Tretyakov Gallery. It is one of the largest and finest museums in the world – if you want to visit one museum in Moscow, you should definitely pick it up. Here you will find exclusively Russian art: paintings and sculpture the most famous Russian artists and the richest collection of ancient Russian icons.

Gorky Park. The biggest and most famous Moscow Park boasts impressive green spaces, promenades, statues and cafes. It is the most popular meeting and leisure place for city residents. During winter, most paths are decorated with statues of ice.

Photo source:

Picture 1:; Picture 2:; Picture 3:; Picture 4:; Picture 5:; Picture 6:
May 16


The Russian subway system is among the oldest on the world. Its construction begun in 1930 and ever since then, the railways kept on being built. Nowadays it measures approximately 250 kilometers in length. It’s the second most crowded and most used metro system in the world, after the one in Tokyo.

The most impressive about the subway in Moscow are the stations: the beautiful architecture, the decorations, the several styles combined, everything makes you think of monuments and museums, rather than public transport.

Most stations have been built during Joseph Stalin’s regime, and represented one of his vanities – positive ones – and his endeavor to show the world that he such beautiful things will be a part of his legacy.

The stations are decorated in the same style as some of the Russian palaces: marble of different colors, Byzantine mosaics, and elegant combinations of tiles, stained glass, frescos, chandeliers, and bronze statues, all of them adorning all the 140 stations in Moscow. Few people know that these precious assets are the remains of thousands of churches and monasteries which Stalin had demolished, in his attempt to build the greatest socialist empire of the world, like in the case of Park Kulturii, Kropotninskaya or Okhotnii Riad, three stations where the marble pieces once made of the walls of Jesus the Savior Cathedral.

The subway itself is one of the most important and popular touristic attractions of the Russian capital, and out of the 150 subway stations in Moscow, Komsomolskaya is considered to be the most beautiful. The subway station is almost like a museum. It is decorated with paintings by the greatest artists in Russia and is illuminated by crystal chandeliers weighing several tons each. It was inaugurated in 1935 and you can admire the tall pillars, gray-blue marble and granite floor. The imposing ceiling is decorated in a Baroque style with mosaics whose themes target Russians’ struggle for freedom and independence.

Mayakovskaya is considered to be one of the most beautiful stations; it was inspired by the Soviet poet Mayakovski’s visions on the future of the country. It has 34 mosaics made by Russian artist Alexander Deyneka, and during World War II, the station served as anti-missile shelter.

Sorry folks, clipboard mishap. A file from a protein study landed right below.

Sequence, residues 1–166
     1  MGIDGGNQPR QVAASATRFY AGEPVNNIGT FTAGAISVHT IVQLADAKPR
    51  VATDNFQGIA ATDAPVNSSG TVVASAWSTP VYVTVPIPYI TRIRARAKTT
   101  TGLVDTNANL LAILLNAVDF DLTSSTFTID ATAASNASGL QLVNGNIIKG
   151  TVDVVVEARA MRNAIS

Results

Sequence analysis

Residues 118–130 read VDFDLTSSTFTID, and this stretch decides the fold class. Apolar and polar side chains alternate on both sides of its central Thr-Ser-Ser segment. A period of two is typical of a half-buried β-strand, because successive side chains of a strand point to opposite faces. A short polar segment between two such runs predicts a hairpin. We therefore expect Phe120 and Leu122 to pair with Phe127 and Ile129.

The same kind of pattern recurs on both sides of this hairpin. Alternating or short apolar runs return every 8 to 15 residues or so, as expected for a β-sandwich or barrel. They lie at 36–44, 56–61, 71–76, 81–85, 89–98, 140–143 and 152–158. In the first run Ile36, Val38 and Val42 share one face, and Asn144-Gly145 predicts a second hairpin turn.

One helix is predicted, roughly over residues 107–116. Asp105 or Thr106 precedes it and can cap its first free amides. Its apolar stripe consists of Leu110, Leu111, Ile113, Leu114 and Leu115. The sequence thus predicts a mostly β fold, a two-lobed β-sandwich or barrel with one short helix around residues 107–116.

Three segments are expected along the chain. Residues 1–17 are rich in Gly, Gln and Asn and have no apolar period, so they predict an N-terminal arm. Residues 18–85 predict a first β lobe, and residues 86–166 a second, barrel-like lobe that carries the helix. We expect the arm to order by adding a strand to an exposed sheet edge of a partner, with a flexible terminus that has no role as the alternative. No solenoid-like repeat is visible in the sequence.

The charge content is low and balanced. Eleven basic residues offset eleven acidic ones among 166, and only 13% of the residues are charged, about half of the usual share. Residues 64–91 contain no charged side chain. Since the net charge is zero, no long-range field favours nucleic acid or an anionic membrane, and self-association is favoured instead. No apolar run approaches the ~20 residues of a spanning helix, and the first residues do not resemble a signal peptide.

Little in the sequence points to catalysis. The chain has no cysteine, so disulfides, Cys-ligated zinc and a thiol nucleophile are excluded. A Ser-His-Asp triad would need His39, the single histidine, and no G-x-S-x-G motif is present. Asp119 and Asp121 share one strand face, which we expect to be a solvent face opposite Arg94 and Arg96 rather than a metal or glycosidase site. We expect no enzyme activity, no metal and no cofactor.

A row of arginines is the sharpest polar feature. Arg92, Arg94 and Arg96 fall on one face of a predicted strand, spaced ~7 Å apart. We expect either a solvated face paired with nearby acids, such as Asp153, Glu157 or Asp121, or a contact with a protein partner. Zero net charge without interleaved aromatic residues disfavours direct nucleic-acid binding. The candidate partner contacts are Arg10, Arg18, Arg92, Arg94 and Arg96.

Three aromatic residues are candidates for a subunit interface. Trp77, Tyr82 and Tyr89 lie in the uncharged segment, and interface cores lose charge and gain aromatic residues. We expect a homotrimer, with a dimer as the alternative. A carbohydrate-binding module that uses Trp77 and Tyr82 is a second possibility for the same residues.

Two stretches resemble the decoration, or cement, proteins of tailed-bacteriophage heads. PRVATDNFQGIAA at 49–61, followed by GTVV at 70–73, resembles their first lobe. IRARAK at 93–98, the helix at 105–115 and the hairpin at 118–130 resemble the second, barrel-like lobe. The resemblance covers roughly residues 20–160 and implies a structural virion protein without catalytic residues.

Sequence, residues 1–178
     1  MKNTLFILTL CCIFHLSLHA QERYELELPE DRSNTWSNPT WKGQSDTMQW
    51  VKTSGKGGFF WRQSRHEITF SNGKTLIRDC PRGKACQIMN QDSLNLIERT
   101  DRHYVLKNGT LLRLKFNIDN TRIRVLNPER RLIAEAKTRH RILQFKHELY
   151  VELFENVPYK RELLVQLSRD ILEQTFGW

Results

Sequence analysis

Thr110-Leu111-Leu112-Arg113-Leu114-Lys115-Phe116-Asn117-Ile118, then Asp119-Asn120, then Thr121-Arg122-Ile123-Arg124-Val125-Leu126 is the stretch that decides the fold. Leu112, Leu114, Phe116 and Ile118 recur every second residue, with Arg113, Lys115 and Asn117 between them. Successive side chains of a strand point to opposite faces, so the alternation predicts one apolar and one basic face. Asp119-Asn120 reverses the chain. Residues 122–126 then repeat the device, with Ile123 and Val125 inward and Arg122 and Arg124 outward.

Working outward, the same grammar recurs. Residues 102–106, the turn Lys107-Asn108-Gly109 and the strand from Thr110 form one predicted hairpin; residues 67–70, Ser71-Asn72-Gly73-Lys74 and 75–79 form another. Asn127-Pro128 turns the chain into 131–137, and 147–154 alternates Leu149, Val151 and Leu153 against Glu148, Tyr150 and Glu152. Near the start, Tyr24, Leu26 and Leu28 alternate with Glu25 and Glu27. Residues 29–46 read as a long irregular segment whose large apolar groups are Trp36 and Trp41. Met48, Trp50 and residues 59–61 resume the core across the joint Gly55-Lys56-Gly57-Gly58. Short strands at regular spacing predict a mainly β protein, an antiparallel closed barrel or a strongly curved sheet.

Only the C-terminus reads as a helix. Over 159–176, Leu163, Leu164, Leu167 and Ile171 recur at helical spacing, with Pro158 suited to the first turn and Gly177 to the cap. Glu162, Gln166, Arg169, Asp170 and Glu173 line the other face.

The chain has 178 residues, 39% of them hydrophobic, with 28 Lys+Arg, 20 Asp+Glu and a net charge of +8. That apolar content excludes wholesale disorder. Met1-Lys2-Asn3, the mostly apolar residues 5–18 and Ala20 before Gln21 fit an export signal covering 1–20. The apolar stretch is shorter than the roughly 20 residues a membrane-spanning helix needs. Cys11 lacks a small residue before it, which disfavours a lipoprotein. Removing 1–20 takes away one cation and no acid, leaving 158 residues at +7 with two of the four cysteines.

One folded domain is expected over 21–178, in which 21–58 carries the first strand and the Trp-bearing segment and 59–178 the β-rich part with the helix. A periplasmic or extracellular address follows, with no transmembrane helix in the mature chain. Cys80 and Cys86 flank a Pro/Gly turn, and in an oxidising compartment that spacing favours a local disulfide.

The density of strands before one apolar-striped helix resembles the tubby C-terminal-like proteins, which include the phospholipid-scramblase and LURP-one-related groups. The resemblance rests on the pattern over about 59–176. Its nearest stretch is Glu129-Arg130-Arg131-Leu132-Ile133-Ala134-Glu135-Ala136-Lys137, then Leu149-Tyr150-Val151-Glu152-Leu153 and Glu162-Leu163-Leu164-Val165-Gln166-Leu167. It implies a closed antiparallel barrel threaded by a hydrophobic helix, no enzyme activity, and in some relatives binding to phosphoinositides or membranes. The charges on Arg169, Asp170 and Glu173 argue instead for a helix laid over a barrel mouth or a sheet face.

Entuziastov Shosse. The theme of this station is the Russian people’s struggle for freedom throughout history. Here visitors can admire many types of revolutionary marble sculptures and paintings created under revolutionary ideals; among the numerous works of art, you can distinguish the “Flames of Freedom” sculpture belonging to A. Kuznetsov.

Prospekt Mira is located in the northern side of the city, in an area where there are not many tourist attractions. This station was decorated by architects Vladimir Gelfreyech and Mikhail Minkus and was inspired by elements of the botanical garden nearby.

Ploshchad Revolyutsii: a station where you can observe the 76 sculptures arranged thematically, from parents with their children, athletes, students, farmers, workers or soldiers. At the entrance, there is the statue of a customs officer with a dog whose nose is often petted by passers-by, as the legend says that it brings them luck.

Arbatskaya station was built primarily to serve as anti-atomic bunker. It is the deepest metro station in the world (dug 41 meters underground) and is the second largest in Russia.

In Novoslobodskaya station visitors can admire handmade stained glass 32 in Lithuania, a country that prides itself on tradition in this area.

Kievskaya. This is the “pearl of the Soviet Empire”. This metro station is the first in Moscow and is named after the city of birth of Joseph Stalin – Kiev (Ukraine). The station is decorated with sculptures, paintings and mosaics made by the greatest artists of Russia.

There are dozens more and each bears a unique mark of classic elegance slightly touched by the socialist plate.

Either way, the Moscow metro represents one of the most sought sites in Moscow and will welcome you any day.